home Archive, Current Issue Retirement short-lived for ‘retiring’­ Vicar General McEvilly

Retirement short-lived for ‘retiring’­ Vicar General McEvilly

By LYNN VENHAUS

Msgr. John Wallace McEvilly, 81, was fairly certain he wouldn’t be taking up golf upon his retirement. A priest for 56 years, Msgr. McEvilly retired last fall as Vicar General after 15 years.

Father John Iffert assumed those duties on Oct. 1.

Retirement was short-lived, however, for soon after, Bishop Michael McGovern tapped him to be his special assistant, and then he was assigned pastoral duties at St. Bernard Parish in Albers and St. Damian Parish in Damiansville at month’s end.

In reflecting over his lifetime serving the Diocese of Belleville, Msgr. McEvilly said the one constant is change and that it is important to keep growing.

“It’s never been dull,” he said.

When duty called to return to a parish, he welcomed the opportunity to once again communicate with parishioners.

“I really like being able to talk one-on-one with parishioners,” Msgr. McEvilly said. “It’s been a good experience the past two months—but everyone’s wearing masks, so it’s taking longer to get to know people. Usually, you get to know who parishioners are by where they sit in church.”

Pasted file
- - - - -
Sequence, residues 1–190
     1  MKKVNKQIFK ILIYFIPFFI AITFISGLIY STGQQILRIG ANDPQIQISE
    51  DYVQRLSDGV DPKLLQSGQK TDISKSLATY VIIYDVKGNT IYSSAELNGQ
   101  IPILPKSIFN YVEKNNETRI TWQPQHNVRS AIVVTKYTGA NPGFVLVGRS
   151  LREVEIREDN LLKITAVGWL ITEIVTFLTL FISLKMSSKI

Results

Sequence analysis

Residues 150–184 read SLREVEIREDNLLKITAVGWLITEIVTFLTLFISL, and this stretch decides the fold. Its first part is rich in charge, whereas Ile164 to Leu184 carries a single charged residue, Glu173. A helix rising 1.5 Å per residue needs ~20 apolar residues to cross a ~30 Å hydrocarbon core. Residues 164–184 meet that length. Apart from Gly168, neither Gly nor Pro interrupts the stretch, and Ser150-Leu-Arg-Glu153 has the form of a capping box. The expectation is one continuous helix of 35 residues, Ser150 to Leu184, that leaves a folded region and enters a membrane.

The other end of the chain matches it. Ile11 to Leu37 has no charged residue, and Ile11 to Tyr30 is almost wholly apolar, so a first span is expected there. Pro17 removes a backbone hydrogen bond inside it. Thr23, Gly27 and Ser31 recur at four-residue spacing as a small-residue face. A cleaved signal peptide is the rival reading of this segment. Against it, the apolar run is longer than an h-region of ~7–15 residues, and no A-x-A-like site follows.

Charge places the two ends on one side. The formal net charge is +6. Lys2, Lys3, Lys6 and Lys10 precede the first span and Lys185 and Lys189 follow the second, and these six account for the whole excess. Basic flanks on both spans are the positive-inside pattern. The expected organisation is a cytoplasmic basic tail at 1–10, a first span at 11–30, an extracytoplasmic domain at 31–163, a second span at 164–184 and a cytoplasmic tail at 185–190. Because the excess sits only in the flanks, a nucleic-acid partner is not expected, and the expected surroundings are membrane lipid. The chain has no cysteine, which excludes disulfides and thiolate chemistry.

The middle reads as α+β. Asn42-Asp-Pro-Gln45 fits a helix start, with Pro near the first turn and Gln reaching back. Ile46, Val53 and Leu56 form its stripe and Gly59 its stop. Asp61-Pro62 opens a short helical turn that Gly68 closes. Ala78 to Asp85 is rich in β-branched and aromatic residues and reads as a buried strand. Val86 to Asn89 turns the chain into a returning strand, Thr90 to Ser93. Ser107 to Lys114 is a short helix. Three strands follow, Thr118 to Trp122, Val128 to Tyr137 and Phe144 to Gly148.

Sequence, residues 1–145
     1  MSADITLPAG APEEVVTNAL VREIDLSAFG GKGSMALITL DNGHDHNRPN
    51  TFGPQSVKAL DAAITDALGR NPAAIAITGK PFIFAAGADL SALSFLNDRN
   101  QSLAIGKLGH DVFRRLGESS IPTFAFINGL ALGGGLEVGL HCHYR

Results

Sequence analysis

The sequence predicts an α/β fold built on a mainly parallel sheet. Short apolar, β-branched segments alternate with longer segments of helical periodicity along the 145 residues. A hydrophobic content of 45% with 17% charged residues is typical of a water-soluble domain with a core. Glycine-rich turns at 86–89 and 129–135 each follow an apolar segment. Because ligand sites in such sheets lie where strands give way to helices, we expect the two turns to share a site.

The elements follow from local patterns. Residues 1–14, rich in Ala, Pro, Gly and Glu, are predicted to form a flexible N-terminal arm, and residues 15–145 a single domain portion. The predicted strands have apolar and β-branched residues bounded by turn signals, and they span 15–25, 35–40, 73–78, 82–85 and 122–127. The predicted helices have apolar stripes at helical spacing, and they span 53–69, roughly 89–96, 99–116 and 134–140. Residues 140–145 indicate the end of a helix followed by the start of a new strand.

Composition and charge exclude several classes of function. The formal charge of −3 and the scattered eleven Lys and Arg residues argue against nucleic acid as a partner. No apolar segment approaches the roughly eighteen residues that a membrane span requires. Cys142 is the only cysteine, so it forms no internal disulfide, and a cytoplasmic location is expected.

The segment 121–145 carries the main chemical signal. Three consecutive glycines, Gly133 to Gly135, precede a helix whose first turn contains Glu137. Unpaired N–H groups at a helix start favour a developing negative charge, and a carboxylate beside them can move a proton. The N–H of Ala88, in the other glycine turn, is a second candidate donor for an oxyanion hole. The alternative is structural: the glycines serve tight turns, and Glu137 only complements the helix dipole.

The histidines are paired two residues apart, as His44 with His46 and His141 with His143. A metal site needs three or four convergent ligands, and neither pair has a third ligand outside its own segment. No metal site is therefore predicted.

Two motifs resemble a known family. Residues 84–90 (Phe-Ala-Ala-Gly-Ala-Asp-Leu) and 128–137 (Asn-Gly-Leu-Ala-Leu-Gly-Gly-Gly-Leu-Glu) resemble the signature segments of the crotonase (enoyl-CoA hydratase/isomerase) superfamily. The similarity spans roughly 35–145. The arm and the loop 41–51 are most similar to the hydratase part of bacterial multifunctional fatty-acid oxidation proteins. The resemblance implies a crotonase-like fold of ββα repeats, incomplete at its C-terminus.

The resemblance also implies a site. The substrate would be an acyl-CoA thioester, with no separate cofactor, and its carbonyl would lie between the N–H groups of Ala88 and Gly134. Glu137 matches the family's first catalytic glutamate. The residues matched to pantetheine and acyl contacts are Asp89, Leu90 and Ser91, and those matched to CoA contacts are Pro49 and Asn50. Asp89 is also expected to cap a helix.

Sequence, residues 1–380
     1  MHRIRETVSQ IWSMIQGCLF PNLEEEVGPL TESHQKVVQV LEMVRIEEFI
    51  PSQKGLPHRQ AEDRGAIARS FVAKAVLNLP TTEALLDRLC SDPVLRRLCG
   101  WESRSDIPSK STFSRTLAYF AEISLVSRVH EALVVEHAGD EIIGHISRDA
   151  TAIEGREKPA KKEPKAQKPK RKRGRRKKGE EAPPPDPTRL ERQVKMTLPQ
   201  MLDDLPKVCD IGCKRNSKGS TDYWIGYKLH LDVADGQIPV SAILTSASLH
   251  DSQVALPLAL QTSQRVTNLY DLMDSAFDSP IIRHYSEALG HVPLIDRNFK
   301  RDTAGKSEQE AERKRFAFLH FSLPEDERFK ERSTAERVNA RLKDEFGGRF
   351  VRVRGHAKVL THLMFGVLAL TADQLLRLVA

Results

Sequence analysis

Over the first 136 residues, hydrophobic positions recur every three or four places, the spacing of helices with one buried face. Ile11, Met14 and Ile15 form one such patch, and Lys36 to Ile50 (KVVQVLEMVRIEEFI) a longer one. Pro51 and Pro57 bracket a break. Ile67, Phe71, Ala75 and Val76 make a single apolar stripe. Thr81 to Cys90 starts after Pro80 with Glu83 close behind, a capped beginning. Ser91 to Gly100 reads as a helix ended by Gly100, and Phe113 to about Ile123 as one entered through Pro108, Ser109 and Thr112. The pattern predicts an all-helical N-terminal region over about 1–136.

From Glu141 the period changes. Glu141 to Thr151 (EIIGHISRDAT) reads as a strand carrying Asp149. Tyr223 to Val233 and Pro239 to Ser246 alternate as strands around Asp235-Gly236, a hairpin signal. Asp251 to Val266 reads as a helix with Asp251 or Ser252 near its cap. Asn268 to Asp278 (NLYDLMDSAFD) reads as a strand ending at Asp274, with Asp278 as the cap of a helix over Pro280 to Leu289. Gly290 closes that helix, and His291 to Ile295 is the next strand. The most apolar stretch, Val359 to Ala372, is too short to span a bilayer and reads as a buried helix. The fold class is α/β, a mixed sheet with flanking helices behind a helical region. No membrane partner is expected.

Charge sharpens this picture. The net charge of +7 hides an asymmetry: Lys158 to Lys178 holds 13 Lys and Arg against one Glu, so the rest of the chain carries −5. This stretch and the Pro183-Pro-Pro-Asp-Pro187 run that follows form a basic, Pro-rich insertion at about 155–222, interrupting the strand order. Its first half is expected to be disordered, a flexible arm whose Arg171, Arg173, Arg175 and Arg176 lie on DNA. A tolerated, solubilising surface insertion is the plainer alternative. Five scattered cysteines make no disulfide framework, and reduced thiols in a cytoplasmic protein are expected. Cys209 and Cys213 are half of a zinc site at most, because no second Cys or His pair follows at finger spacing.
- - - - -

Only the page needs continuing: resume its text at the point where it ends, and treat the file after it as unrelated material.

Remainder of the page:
Despite the challenges of ministry caused by the ongoing coronavirus public health crisis, he’s been celebrating Mass four times a week, divided between the two parishes. He said he is grateful for deacons Kevin Templin and Glenn Netemeyer, the pastoral associate and director of religious education, for their help.

While serving at five different parishes over the years, Msgr. McEvilly learned that each parish has its own personality.

“You have to find out what the personalities are and what they need. Everyone has different problems to solve,” he said. “You can’t answer questions of people who aren’t asking.”

He also discovered that you can’t use the same homily.

“If you know the people, you can use that identity to write the homily,” he said. “You have people in church, age 9 to 90 possibly, and you have to figure everybody’s needs and what the scriptures represent.”

It hasn’t taken him long to adjust at the two parishes in Clinton County, as reflected in the many Christmas cards he has received from parishioners.

“They write that they’re very happy,” he said.

Parish work can be stressful, Msgr. McEvilly noted, but it’s not like the workload of being Vicar General, when attending to 104 parishes in 28 counties is part of the job.

The Vicar General’s duties are at the direction of the bishop—basically as his principal deputy—and he assists in the governance of the diocese. He takes care of administrative tasks, personnel and financial matters—whatever work the bishop wants, therefore allowing more time for the bishop’s pastoral ministry.

“Father Iffert and I have talked about the job, but he will have a different experience than I did because he is working for Bishop McGovern and I worked for Bishop Braxton,” he said.

Msgr. McEvilly believes strongly in building communities throughout the diocese.

“Basically, you want what’s best for the community. Everyone has different skills, and through those efforts, you bring all these different people together to form a community,” he said.

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